CS Lewis (Was: Favourite books)

deborah.dwj at suberic.net deborah.dwj at suberic.net
Tue Dec 14 16:10:54 EST 2004


On Tue, 14 Dec 2004, Dorian E. Gray wrote:
|> Well, apart from those of us on the list who either don't celebrate or
|> don't enjoy Christmas.
|
|Replace "Christmas" with "Midwinter festival of your choice", please.  I
|left the phrase intact because it was a quotation; I don't myself celebrate
|Christmas.  To me the very basic point of whatever most Northern Hemisphere
|people are celebrating at this time of year is "hurray, the year has turned;
|longer days, spring, renewal, etc. are coming so let's give them a hand
|along with celebrations and encouraging candles and so forth".  And without
|meaning to offend the Christians on the list, I do think you can (or at
|least I can) boil Christmas down to fairly much that - the birth of the
|Saviour has to be the start of the renewal, no?

Hee.  Well -- not to be contrary -- I don't enjoy the whole lot.  **
WARNING: Mild irritableness (at none of you) below: don't read if you
don't like people to put you off your winter festival of choice. **

I celebrate Hanukkah, by which I mean I light candles and say the
blessings every night, because for a little agnostic girl I'm remarkably
observant of any religious requirement that doesn't fall weekly.  But
I'm afraid the whole Celebrate!-Carols!-Presents!-Shopping! thing that's
everywhere (and that I wasn't raised with any immunity to, in a lower
middle class Jewish community that wasn't big on the Christmasization of
Hanukkah) has put me off Christmas.  And Hanukkah.  And Yule.  And
Solstice.  And Kwanzaa.  And any holiday celebrated between American
Thanksgiving and Epiphany.

I admit it's worse because too many of my friends, raised in churches
but not emphatically non-Christian, used to take offense at my
non-celebration of Christmas, as if by doing so I were accusing them of
being -- gasp! horrors! -- Christian.  Then again, they also took
offcense at my celebrating Passover, because what business does an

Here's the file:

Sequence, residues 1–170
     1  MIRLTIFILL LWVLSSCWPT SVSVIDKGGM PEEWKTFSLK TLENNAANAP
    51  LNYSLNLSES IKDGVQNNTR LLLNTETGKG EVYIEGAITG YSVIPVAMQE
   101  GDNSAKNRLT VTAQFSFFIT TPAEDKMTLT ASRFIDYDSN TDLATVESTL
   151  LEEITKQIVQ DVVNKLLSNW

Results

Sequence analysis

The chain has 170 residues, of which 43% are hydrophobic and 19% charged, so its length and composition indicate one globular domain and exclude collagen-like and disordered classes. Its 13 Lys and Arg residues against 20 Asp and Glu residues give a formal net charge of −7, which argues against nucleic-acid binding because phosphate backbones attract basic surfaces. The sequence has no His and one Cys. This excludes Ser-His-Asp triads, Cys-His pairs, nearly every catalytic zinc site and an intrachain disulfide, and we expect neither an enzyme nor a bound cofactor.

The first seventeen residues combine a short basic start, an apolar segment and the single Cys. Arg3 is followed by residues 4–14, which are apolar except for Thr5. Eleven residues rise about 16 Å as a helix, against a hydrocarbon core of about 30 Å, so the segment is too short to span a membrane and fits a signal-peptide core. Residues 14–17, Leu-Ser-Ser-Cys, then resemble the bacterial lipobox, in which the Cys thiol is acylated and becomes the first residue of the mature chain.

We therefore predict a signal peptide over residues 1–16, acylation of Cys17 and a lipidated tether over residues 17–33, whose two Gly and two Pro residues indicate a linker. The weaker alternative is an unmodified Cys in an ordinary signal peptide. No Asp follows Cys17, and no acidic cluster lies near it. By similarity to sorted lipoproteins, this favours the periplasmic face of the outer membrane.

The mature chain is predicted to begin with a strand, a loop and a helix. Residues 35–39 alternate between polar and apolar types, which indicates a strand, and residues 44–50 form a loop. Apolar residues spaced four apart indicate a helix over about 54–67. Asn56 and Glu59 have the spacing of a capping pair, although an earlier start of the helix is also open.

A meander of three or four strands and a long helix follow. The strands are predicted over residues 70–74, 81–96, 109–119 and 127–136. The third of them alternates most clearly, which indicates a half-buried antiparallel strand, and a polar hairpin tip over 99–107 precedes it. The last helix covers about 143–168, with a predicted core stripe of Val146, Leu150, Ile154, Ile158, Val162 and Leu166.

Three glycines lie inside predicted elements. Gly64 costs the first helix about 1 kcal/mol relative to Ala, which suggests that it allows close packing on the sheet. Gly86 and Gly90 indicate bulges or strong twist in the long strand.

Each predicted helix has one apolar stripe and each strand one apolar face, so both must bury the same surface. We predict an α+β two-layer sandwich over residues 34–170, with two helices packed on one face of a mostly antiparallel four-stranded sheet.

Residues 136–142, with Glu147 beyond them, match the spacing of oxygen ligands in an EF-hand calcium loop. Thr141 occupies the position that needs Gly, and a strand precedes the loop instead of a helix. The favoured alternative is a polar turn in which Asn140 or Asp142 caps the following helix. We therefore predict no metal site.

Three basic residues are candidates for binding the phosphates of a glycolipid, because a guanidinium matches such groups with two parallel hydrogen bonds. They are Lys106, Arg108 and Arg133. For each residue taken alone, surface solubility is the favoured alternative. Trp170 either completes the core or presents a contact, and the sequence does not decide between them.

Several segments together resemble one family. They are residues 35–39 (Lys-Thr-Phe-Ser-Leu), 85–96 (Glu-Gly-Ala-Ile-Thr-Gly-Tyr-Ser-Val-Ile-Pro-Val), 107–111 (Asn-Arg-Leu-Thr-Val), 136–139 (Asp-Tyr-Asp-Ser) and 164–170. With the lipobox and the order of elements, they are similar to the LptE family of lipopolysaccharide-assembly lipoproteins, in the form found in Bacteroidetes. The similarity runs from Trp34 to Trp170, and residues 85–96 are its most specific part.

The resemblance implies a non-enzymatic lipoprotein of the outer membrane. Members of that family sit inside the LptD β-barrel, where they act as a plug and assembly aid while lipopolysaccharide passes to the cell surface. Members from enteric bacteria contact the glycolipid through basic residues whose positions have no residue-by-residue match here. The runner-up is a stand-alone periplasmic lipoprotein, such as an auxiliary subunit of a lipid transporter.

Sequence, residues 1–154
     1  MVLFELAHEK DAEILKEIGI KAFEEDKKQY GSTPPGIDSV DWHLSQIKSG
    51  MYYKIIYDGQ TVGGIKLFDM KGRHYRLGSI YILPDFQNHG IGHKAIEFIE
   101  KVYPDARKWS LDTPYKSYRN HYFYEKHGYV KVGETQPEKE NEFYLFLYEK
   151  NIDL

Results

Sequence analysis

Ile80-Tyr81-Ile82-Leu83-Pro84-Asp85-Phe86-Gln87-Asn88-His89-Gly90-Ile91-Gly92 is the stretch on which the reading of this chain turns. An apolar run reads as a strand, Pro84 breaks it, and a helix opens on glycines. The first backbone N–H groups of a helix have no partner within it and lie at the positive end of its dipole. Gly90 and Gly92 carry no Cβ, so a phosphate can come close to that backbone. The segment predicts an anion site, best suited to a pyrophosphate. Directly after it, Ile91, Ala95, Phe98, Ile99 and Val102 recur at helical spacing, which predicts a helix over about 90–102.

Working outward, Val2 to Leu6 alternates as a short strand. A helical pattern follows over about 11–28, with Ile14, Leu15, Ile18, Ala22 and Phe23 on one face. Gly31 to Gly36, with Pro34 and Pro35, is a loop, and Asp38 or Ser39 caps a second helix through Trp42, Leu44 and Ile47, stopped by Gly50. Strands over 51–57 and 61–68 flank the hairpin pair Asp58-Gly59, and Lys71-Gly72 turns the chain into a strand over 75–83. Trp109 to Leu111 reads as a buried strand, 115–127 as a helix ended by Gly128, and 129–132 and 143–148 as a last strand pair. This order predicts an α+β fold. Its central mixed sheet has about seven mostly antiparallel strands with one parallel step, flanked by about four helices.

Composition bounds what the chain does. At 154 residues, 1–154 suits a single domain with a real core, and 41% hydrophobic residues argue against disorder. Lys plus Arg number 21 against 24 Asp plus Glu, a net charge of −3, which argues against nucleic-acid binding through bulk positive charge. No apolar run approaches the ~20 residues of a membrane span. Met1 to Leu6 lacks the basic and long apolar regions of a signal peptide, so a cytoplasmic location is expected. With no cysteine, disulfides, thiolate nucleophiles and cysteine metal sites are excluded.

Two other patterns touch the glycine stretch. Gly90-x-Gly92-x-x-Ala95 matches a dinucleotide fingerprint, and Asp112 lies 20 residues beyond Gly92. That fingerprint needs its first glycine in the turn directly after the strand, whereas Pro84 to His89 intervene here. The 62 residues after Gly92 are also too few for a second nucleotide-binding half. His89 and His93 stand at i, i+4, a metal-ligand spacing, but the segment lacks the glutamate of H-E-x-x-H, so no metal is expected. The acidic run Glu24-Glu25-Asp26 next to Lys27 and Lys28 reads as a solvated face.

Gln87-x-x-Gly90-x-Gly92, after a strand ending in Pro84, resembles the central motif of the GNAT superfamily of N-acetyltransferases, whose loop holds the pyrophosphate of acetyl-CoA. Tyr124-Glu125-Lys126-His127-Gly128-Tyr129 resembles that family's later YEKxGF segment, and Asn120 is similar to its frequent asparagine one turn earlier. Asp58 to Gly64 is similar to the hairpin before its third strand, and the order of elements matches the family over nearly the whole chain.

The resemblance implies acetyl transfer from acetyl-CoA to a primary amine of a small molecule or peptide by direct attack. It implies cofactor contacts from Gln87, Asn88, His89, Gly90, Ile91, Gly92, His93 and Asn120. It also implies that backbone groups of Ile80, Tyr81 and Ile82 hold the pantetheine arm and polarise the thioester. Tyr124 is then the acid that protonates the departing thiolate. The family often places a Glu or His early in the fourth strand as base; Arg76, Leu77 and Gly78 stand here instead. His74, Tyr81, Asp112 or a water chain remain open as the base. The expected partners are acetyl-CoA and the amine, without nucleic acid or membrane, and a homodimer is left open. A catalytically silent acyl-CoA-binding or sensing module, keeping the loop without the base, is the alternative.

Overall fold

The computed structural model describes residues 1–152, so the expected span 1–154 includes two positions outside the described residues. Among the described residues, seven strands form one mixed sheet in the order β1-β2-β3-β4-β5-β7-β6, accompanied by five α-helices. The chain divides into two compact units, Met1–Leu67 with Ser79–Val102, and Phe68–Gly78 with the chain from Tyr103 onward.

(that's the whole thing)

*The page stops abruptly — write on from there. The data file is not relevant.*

agnostic following rituals that are a pain in the hiney, anyway?   It's
all settled down now, but I admit my favorite thing about Christmas is
that everyone else buggers off home for the week and I get to shmooze
around the house in my PJs, refusing to feel a smidgen of guilt for not
doing Christmas with Allen's family.  And -- except for the short days
-- I love winter.  I love New England winter.  I even loved last year,
of the famous "colder than mars" week (not making that up; last January
it was colder in the Northeast US than at the Spirit Rover.  Which our
hardy Swedes and Finns and such on the list can laugh at, but to us, -20
F / -40 F with windchill is *unreal*).

That being said, I still understand the sentiment.  I translate it, in
my Scroogelike mind, to "Always February".  And now Dar Williams is
singing along in my head, huh.

  First we forgot where wed planted those bulbs last year,
  Then we forgot that wed planted at all,
  Then we forgot what plants are altogether,
  And I blamed you for my freezing and forgetting and
  The nights were long and cold and scary,
  Can we live through February?

  ...

  And February was so long that it lasted into march
  And found us walking a path alone together.
  You stopped and pointed and you said, "that's a crocus,"
  And I said, "what's a crocus?" and you said, "it's a flower,"
  I tried to remember, but I said, "what's a flower? "
  You said, "I still love you".

I do like lights on trees and houses, though.  As long as they aren't
flashing.

-deborah
--
"No"
	-- Rosa Parks

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